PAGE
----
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When his wing joint debuted in March 2020, a 40-pound case of fresh jumbo wings cost $58.88. Now his wholesaler charges triple: $190. Even deep-fryer oil jumped in price from $18.98 per jug to $49.98 over the same period. Customers are clucking about his pricier wings, now $13.99 for a 10-piece compared to $9.99 pre-pandemic.
“I keep saying food shortages and no workers are raising everything,” Stern says of his menu. “One lady last night complained about the price and said, ‘Oh, I didn’t notice any increases at Publix.’ Well, I have. I could have gone to a lesser-quality wing but our customers appreciate it.”
South Florida restaurant owners like Stern say a perfect storm of soaring ingredient costs and ongoing staff shortages leave them no choice but to hike menu prices. Customers, in turn, say menu sticker shock is making them reconsider where they choose to dine out. Others expect restaurants’ portion sizes to justify these higher prices. If there’s good news for diners and owners, hospitality experts predict local menu prices will keep ballooning this summer but stop rising by the fall.
“I think rising prices are driven by the cost of raw goods and commodity items,” says Michael Cheng, dean of Florida International University’s Chaplin School of Hospitality & Tourism Management. “Eventually those will stabilize and come back down” in a few months, he says.
Only then can local restaurant supply and demand even out, he adds.
Meredith Joy, of Plantation, says she was shocked when her bill for jambalaya at Even Keel Fish Shack in Lauderdale-By-The-Sea totaled $28 minus tip.
“Once those things happen, I won’t go back to those restaurants because they lost my business,” says Joy, who has also spotted higher prices at her favorite eateries Tin Fish in Sunrise and Old Heidelberg in Fort Lauderdale. “I try to frequent restaurants that I want to stay in business, especially after COVID.”
Steve DiSalvo, owner of DiSalvo’s Pizza & Italian Restaurant in Hollywood, says he was apprehensive to raise menu prices, especially considering how residents were feeling the pinch from other pandemic-fueled expenses.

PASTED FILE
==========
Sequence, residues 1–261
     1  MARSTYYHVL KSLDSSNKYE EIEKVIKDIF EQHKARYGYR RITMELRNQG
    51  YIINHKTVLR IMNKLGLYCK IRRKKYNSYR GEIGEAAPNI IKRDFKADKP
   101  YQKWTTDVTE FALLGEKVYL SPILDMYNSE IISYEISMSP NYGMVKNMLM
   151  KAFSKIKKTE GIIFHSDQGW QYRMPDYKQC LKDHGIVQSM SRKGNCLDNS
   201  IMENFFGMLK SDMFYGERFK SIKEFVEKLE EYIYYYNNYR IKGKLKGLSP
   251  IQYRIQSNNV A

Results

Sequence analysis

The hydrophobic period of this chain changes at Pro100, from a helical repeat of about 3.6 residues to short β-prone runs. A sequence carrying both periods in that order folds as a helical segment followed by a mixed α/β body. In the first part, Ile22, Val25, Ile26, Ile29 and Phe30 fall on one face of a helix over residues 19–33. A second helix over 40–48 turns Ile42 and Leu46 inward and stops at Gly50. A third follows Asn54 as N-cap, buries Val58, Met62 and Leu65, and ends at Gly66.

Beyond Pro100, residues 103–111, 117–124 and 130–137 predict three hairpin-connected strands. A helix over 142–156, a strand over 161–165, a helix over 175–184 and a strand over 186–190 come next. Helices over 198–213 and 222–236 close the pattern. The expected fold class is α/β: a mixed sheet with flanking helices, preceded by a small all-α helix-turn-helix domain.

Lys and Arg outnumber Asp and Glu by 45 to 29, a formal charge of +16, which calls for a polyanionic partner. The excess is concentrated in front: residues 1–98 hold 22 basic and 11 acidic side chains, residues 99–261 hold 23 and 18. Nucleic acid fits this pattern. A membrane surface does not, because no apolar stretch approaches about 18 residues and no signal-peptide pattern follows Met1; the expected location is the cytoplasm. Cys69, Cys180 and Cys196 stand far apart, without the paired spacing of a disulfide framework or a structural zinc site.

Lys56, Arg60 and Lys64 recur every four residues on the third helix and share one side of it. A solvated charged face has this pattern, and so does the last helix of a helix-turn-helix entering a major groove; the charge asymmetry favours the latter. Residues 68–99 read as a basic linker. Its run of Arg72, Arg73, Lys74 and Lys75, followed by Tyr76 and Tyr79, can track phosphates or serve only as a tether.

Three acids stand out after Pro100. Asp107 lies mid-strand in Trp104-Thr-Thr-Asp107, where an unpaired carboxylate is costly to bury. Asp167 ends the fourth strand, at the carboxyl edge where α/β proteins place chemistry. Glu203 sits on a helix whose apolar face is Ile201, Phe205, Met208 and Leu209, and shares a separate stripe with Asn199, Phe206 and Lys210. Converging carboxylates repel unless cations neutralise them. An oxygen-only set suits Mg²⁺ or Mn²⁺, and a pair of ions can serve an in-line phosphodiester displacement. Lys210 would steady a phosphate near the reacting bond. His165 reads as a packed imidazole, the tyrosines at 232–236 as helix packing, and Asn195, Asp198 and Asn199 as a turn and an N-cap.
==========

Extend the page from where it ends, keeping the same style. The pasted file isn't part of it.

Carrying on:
But DiSalvo’s landlord raised rent, cases of chicken wings nearly doubled in cost — from about $90 to $170 — and he had to raise menu prices and wages to keep his most-reliable staff. This has made it especially difficult to balance his profit margins, he says.
“With the uncertainty of how much business costs are going to increase, there’s no way to know how much menu prices will be in the future,” DiSalvo says. But “the customers are there.”
Peter Ricci, Florida Atlantic University’s hospitality program director, says a surge of freshly vaccinated diners has also contributed to rising prices at restaurants.
“Basically, it’s people cooped up for too long that are now ready to go back out and do some fun things,” he says. “At the same time, we’ve had gas price increases and labor wage increases, and this is all going to shake out to higher prices.
“I don’t think [menu price hikes will] be long-term but I don’t think it’ll [go away] super-fast, either,” he says.
Janann Wade, of Boca Raton, sympathizes with owners as they face rising business costs, but she’s noticed some restaurants engage in the “stinky” practice of skimping on portion sizes.
When she noticed the size of a $15 salad at BJ’s Restaurant and Brewhouse in Coral Springs, she walked out. “How long are people going to play the COVID card?” she says.
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All this has caused Christy Shalley, manager of Kelly’s Landing in Fort Lauderdale, to strike a balance between running her business and forcing customers to shoulder the extra burden.
New England lobster meat since April has jumped from $27 to $40 a pound while king crab, over the same period, shot from $19 to $32. Because king crab is so expensive, Kelly’s King Crab Wednesdays dine-in special, at $25, is considered a loss leader, she adds.
“It comes with the hope people order extra appetizers and drinks,” she says. “We have to come up with a happy medium.”
Rob Menendez, owner of It’s a Cubano B in Pompano Beach, refused to pass higher menu prices to customers after his wholesaler doubled the price for boneless skinless chicken thighs from $1.20 pre-pandemic to $2.40 per pound now, and bone-in pork butt from $1.10 to $2.50 per pound. He used these ingredients for burritos, quesadillas and Cuban sandwiches.
Now Menendez has run out of money. He’ll close his office-park Cuban café for good on June 12, after struggling with fewer customers and higher-than-ever food costs.
“We didn’t want people coming back with big sticker shock,” Menendez says. “But it doesn’t matter now. The positive side to us closing is we won’t be hurt with high costs in the slow summer season.”